PRIVATE COLLECTION, now on display at Studio DTFU in Dallas was born out of a correspondence through the mail between Brooklyn-based artist Travis Iurato and DTFU Co-directors Justin Hunter Allen and Lucy Kirkman. There are only four works in PRIVATE COLLECTION and each one is a lively communicator.
The devil in Devil in the Details arrives first to celebrate the corruption of a pattern. The gallery’s acronym on the address line of the envelope has been obliterated by whiteout and rebuilt using a different letter order. The gallery’s full name is Don’t Fuck This Up. Its official acronym is DTFU. (Allen and Kirkman rearranged the letters for their own private reasons.) Iurato reinstates the acronym as DFTU. Who’s to say which is correct? The devil seems brightly pleased to be dominating even this minor bit of chaos. His arrival in the gallery through a mail slot prompts an irresistible temptation to consider the devil’s other visits in history.
Iurato’s long, pointy, very funny picture has its origins in the Middle Ages. By the 14th century the devil had become, for some, a figure of fun. And yet, monist religions, such as Christianity and Judaism, have an tough time treating him in ontological terms. If God is the prime force, who’s the devil?
The grand hierarchy of meaning that religion once structured in Western thought doesn’t matter to us much today. The devil is a benign icon of popular culture. Iurato explores the elemental meanings of images such as the devil, the cross, and the American flag at the present moment.
Iurato delights in the application, re-routing, and disruption of patterns. The appearance of a devil on a common envelope that moves across the country by conveyor, interstate, and human hand, given access by an emblem, a stamp, is an inspired and unique way to think about a traditional religious image.
The American flag in the picture God Bless America reminds viewers of an irony: the greater the social space—in this case, the reaches of the USA—the more room there is in it for illusions to flourish. The red mark in the lower left corner of the star field could be commentary— a drop of blood, perhaps. Or maybe an official seal or stamp. It could be a hole in the fabric or some kind of portal. The mark bedevils the order of the stars, crowds them a little. Maybe even obliterates one of them. The slogan “God Bless America” is printed over the flag, occupying a space between the flag and the viewer, creating an alignment of individual, slogan, and emblem.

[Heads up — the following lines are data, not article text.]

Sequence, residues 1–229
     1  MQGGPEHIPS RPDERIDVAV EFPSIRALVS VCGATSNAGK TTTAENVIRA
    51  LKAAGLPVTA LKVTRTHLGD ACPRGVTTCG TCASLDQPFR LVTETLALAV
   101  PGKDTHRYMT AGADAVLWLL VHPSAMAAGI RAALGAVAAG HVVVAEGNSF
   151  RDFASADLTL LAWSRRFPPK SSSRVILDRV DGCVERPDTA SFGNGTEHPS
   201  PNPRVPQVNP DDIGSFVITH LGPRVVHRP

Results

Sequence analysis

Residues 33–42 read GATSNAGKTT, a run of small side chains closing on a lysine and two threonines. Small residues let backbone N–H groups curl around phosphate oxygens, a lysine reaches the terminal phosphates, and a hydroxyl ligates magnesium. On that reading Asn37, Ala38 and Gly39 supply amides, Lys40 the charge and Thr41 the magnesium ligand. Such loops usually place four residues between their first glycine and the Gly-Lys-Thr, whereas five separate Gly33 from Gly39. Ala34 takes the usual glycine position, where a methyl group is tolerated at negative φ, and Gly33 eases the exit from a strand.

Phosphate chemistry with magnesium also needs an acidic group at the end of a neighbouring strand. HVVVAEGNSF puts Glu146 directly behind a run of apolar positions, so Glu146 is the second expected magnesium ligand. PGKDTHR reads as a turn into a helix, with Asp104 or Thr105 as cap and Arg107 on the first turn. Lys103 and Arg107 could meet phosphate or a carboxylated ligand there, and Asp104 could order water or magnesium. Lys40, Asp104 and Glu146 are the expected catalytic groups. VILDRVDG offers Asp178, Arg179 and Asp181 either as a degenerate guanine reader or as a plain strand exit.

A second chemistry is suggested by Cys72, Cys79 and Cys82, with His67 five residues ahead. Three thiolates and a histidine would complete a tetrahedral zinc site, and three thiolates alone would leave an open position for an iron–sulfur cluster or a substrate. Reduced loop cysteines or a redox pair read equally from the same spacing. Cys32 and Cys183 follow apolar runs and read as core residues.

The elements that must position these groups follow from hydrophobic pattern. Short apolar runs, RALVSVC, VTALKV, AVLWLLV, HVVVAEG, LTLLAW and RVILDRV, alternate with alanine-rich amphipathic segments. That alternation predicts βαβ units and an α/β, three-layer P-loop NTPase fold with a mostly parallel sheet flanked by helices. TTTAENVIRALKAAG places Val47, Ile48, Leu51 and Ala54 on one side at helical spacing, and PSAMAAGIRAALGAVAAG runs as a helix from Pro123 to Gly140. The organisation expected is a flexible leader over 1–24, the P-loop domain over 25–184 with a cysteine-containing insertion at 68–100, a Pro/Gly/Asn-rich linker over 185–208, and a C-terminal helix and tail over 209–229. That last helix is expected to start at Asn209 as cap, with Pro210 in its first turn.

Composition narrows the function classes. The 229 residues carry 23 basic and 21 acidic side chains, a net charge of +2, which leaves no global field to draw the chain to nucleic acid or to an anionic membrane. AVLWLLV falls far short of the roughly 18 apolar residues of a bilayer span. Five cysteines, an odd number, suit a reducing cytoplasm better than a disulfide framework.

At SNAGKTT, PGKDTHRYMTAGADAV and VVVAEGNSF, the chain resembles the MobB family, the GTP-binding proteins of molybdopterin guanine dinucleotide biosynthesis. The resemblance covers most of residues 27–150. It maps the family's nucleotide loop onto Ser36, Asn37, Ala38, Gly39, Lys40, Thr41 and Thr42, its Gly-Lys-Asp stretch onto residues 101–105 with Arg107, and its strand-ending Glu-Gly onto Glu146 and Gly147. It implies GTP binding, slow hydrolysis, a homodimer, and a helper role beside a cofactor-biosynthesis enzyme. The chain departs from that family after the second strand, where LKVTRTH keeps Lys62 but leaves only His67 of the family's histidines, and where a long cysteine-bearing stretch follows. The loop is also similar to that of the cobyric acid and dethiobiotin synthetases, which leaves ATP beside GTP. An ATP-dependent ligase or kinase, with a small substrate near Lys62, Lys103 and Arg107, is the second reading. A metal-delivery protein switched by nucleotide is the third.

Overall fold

The work in this show was not named by the artist but by DTFU’s directors, who assigned the pieces’ names based on the images and text they saw. The collage titled Cross got its name and shape by accident. The envelope that arrived at DTFU shows dotted lines and, in all caps, letters in blue marker where the receiver ought to “SLICE” to get it open. Allen, knowing there was art inside, showed caution and erred. But the result of the error embodies the spirit of the exhibit. Kirkman and Allen live in a back segment of the gallery, which doubles as their studio. They brought their bed in from the living space into the gallery space and hung Cross above it, completing a comfortable domestic scene.
PRIVATE COLLECTION has the feel of a visit to the curators at home. As Kirkman explains in the catalog, “We want to create an imagined ideal scenario of living with artwork in our private lives; an imagined living situation completely structured around viewing artwork.” Kirkman and Allen have taken Iurato’s intelligent, playful correspondence and created an intimate exhibit—a reminder that delight, too, lives in the details.PRIVATE COLLECTION will be on display through June 29, 2013 at Studio DTFU, located at 842 First Avenue, Dallas.
also by Richard Bailey
- Creepy Emotions: Antoine Catala at the Dallas Museum of Art - July 9th, 2015
- Evil in Modern Thought: El Pastor at Webb Gallery - March 17th, 2015
- Talking About Web-Based Video Art: Carolyn Sortor's 'Seismic Hive' - February 9th, 2015
- Mike Osborne at Holly Johnson Gallery - December 16th, 2014
- Sarah Morris: 1972 - November 7th, 2014